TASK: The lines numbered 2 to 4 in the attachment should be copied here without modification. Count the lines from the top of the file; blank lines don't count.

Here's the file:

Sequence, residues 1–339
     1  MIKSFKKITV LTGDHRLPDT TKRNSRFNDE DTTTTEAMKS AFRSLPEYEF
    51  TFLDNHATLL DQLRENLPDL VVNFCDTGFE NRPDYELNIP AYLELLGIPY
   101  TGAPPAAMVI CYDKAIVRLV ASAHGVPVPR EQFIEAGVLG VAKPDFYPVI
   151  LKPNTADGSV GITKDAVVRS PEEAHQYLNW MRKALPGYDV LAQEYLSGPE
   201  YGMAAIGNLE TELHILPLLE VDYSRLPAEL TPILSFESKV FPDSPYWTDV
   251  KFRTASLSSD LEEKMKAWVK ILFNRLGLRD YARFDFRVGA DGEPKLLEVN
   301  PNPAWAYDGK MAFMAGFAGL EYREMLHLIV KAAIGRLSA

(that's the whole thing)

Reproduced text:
     1  MIKSFKKITV LTGDHRLPDT TKRNSRFNDE DTTTTEAMKS AFRSLPEYEF
    51  TFLDNHATLL DQLRENLPDL VVNFCDTGFE NRPDYELNIP AYLELLGIPY
   101  TGAPPAAMVI CYDKAIVRLV ASAHGVPVPR EQFIEAGVLG VAKPDFYPVI